By Alan Caruba
It’s getting more and more difficult to keep up with the number of people with whom Barack Obama has been or is associated who have either resigned, as in the case of James Johnson, selected to lead his search for a vice president on his ticket, or who he has to denounce and distance himself from in some fashion.
The most famous is Rev. Jeremiah Wright, the leader of the Chicago church Obama attended for twenty years. First he rid himself of this troublesome pastor and then he resigned from the church. He later had to renounce the words of a priest delivering an oration in the same church who was uncharitable to his then-opponent, Hillary Clinton.
Earlier he referred to his grandmother as a typical white woman despite the fact that she took him in and raised him as her own. Then later he decided she had been an inspiration.
Putting distance between himself and a variety of shady characters such as ex-Weathermen, Willliam Ayres and Bernadine Dohrn, Obama fell back on the now-familiar excuse that these were bad people a long time ago. The same cannot be said of the recently convicted Chicago real estate magnate, Antoin "Tony" Rezko, who helped bankroll his political career and find a million-dollar home for him.
We have from now until next November to learn more about Obama’s choice of friends, supporters, and advisors, but it’s already becoming difficult to keep track of those with bad attitudes or shady backgrounds.
Does anyone see a pattern here?
We are being asked to elect a man to be the next president of the United States who has demonstrated incredibly bad judgment in the choice of these people. Moreover, he has set himself to be a moral paragon ready to clean up Washington, D.C. by avoiding lobbyists and cracking down on evil capitalist corporations.
Has he put lobbyists on his own staff, said to be some 700 persons at this point, the most of any presidential candidate in the history of the nation? The short answer is yes. Lobbyists and others paid to influence legislation routinely move back and forth to work in the campaigns of candidates.
You cannot choose your family, but you can select the company you keep in church and in public and private life. Sooner or later, though, a lot of people are going to wonder about those choices, particularly in light of the continual necessity to get away from an ever increasing number of them.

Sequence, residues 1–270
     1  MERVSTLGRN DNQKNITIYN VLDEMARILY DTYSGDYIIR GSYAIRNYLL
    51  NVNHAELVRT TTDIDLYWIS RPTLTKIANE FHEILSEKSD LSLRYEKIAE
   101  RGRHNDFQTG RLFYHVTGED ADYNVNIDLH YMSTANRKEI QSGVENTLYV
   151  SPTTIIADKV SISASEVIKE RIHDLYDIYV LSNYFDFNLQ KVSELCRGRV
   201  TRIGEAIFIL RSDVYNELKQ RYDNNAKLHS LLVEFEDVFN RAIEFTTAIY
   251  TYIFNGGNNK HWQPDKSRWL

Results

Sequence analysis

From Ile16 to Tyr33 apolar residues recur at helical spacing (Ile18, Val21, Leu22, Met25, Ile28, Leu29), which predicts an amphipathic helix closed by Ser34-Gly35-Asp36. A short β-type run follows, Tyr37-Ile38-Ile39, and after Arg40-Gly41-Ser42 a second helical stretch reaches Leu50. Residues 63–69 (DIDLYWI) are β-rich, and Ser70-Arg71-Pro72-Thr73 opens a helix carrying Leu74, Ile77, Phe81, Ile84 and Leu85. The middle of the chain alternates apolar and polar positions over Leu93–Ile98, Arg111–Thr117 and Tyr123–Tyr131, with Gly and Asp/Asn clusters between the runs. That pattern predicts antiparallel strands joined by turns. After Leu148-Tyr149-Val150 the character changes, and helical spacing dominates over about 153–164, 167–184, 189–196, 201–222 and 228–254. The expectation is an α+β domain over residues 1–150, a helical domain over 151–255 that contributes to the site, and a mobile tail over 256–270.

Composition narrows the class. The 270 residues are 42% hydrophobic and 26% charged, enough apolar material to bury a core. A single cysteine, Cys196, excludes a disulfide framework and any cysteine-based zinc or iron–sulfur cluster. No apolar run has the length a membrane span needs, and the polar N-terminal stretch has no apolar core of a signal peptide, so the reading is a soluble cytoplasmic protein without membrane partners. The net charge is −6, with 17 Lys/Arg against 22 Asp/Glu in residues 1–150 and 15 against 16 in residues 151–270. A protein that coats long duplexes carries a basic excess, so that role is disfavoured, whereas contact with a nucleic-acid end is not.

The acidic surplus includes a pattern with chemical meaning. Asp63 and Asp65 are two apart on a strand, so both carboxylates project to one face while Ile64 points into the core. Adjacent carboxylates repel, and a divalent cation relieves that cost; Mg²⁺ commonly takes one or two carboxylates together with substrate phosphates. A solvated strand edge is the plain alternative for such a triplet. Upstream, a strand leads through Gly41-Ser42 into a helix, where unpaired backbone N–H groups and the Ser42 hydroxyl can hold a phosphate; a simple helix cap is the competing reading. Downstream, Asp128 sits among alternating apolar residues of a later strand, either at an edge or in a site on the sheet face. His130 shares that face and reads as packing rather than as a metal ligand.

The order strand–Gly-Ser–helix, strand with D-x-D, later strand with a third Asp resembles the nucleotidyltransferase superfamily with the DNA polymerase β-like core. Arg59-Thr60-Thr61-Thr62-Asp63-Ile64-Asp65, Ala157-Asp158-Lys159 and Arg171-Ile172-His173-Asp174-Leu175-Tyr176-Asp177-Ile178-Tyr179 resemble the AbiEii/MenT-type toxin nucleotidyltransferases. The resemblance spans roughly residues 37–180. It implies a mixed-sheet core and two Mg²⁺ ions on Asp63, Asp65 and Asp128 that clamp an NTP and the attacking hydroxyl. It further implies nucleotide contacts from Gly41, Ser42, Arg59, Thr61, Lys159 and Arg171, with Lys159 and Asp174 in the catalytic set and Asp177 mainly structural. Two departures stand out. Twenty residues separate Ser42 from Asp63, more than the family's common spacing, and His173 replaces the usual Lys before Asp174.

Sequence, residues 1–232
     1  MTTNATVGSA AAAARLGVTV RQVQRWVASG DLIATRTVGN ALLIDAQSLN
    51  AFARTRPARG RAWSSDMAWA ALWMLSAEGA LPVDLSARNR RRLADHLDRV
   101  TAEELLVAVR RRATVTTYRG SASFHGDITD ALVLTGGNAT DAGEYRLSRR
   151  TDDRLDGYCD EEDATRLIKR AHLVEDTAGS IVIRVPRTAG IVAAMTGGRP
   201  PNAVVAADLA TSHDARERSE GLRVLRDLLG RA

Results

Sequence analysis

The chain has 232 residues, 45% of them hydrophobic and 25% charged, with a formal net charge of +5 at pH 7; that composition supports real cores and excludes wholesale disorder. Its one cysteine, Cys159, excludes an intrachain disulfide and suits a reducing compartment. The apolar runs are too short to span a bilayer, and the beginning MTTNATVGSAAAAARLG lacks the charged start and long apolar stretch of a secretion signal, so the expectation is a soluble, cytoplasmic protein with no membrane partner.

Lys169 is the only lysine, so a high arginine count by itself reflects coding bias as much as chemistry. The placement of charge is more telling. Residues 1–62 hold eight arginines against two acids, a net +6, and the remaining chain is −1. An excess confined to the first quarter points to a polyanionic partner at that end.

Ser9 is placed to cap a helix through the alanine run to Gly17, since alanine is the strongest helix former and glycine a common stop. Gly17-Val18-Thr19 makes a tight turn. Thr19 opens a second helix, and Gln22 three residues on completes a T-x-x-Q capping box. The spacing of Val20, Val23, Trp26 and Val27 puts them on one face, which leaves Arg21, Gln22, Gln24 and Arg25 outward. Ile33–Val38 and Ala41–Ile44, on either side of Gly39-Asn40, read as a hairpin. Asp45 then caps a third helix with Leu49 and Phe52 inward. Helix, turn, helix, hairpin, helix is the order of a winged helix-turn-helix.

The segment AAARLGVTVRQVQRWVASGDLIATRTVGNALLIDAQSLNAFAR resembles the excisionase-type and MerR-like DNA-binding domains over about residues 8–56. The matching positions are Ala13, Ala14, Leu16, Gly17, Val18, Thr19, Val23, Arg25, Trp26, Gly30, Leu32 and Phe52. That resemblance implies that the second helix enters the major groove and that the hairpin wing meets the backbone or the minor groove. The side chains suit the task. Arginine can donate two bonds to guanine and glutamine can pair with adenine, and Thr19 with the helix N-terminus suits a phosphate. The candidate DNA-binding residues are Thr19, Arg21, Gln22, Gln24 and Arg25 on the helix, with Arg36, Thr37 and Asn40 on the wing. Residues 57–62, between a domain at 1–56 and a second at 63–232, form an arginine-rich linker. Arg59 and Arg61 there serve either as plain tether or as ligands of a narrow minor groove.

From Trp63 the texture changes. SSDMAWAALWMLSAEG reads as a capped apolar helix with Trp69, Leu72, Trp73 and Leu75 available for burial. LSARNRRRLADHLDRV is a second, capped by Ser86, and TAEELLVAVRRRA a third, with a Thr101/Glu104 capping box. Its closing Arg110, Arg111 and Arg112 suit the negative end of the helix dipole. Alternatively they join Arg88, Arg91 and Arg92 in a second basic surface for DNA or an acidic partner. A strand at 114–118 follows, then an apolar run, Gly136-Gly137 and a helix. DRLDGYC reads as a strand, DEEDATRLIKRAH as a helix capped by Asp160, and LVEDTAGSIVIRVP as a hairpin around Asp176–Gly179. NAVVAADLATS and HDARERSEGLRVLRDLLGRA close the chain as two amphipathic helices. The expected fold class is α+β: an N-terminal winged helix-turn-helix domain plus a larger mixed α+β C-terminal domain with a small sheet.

Finally, I keep asking people who say they are going to vote for Obama what his policies are other than getting out of Iraq? Most of them have no real idea. One problem is the way he seems to reverse course from week to week. Obama may well be the most misunderstand candidate ever to run for public office. This is bad enough if he was a member of some small township council, but he is a Senator who wants to be a President.
A check of his voting record reveals a hardcore devotion to every liberal piece of legislation Democrats proposed. There isn’t even a hint of bipartisanship here.
Apparently he’s against millionaires and for blue collar workers, but the latter did not vote for him in large numbers during the Democrat primaries. Neither did women. People who own guns are surely not going to vote for him. Evangelicals are not likely either. A lot of very young, very ecstatic people are enthralled by him, but the young do not vote that much come Election Day.
Electing a President involves a lot more than mass hysteria. Character and judgment are the defining aspects of those we elect to lead the nation.
As the issue of Iraq fades and the rising cost of gasoline and food moves to the top of national priorities, Obama’s “solutions” to these problems provide no solution at all, nor will America’s enemies disappear or be enraptured by his eloquence.
The fatigue of keeping track of those whom he no longer calls friends, advisors, and supporters will begin to take its toll by November.